Telling the Story of BTS

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The writer E. Tammy Kim recently published a piece about how BTS became arguably the most popular band in history. The newsletter editor Jessie Li spoke to Kim about what it was like to report on the Korean boy band and the thrill of seeing them live at their final concert before they announced, on June 14th, that they were taking a break.

What was your first introduction to BTS? What made you realize that this was a story you wanted to pursue?

I started noticing a few years ago that K-pop fandom was being eclipsed by a more specific BTS ARMY—which stands for “Adorable Representative M.C. for Youth”—fandom. But I sort of ignored it—thinking of myself as someone who reported on more “respectable” Korean topics—until I realized how silly that was. This is the biggest band in the world!

Devoted fans describe BTS as a form of self-care and therapy; they talk about how the band “saved” them, and how they “do so much for us.” How would you describe the special allure of BTS that distinguishes them from other bands, including other Korean boy bands?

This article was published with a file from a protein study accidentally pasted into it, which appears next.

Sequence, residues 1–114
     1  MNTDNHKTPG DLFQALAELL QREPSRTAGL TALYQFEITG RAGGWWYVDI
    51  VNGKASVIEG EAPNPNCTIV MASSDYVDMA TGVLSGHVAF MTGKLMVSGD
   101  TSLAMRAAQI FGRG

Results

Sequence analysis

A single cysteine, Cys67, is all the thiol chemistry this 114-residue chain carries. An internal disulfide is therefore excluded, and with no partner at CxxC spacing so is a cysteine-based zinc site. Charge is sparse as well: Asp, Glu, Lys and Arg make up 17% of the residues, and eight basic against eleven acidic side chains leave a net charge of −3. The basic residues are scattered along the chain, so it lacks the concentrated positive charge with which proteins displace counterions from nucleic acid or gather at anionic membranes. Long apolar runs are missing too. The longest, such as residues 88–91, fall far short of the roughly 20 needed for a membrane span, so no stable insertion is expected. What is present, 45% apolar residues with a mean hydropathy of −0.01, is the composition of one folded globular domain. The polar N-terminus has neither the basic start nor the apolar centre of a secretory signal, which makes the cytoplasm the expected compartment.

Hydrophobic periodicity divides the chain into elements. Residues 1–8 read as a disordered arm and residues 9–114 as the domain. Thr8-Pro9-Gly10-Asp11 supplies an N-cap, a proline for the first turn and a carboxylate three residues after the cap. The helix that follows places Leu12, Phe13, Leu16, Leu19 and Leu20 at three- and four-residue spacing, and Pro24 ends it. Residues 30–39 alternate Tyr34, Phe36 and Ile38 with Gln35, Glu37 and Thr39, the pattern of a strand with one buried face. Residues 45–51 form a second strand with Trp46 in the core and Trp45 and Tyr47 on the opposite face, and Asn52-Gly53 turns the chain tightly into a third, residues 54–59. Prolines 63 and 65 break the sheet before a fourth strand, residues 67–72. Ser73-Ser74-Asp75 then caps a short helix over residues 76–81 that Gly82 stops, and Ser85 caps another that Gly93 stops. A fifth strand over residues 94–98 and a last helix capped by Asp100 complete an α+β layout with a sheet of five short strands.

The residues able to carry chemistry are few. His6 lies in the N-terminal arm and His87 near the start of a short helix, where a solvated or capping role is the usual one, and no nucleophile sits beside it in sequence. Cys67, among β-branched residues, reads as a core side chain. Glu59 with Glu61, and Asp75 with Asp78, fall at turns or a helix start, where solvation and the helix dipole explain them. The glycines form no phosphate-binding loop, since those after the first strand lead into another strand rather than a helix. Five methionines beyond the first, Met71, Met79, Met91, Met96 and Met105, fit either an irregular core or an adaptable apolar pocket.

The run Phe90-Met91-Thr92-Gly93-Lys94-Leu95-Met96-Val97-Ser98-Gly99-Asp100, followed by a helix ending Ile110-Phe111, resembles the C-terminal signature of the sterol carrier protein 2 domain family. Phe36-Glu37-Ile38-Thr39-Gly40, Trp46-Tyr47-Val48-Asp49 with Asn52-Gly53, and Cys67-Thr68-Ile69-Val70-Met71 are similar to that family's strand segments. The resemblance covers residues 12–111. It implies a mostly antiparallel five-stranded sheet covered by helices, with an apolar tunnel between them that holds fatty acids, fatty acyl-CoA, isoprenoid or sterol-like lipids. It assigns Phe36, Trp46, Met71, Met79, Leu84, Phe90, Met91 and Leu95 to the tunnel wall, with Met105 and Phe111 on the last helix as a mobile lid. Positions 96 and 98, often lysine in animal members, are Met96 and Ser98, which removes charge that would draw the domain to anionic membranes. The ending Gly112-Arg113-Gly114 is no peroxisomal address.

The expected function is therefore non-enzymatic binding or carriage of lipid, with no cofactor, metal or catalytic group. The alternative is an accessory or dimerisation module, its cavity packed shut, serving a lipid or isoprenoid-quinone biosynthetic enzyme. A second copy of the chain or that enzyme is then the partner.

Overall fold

There’s an intensely felt reciprocity between BTS and its fans. The members produce daily content, and shout-out and interact with fans on a very emotional level, which leads fans, in turn, to want to give back.

In April, you attended the final performance of the band’s “Permission to Dance” tour, in Las Vegas. What was the most surprising or unexpected moment you experienced when you attended the concert?

I’d never been in a concert attended by sixty-five thousand people—and then to have all those people, of every stripe, singing in Korean, my household tongue. I was overwhelmed!

If you had to devise a mixtape of just three BTS songs or music videos for a novice listener, what would you pick and why?

The music videos for “Black Swan,” “IDOL,” and “ON” are aesthetically thrilling and convey the band’s musical and choreographic range.


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This content can also be viewed on the site it originates from.


This content can also be viewed on the site it originates from.

Having finally delved into the world of BTS (as you write, “nine years of music, dancing, articles, and tweets”), do you now identify as a member of BTS’s ARMY, as fans call themselves? And do you have a bias—a favorite member of the band?

ARMY’s devotion is such that I wouldn’t dare call myself ARMY! In terms of a bias, I can’t say for sure, but I really dig SUGA’s candor and appreciate the fact that, very early on, he wrote a song commemorating the Gwangju uprising of 1980, a key moment in South Korea’s democratization.

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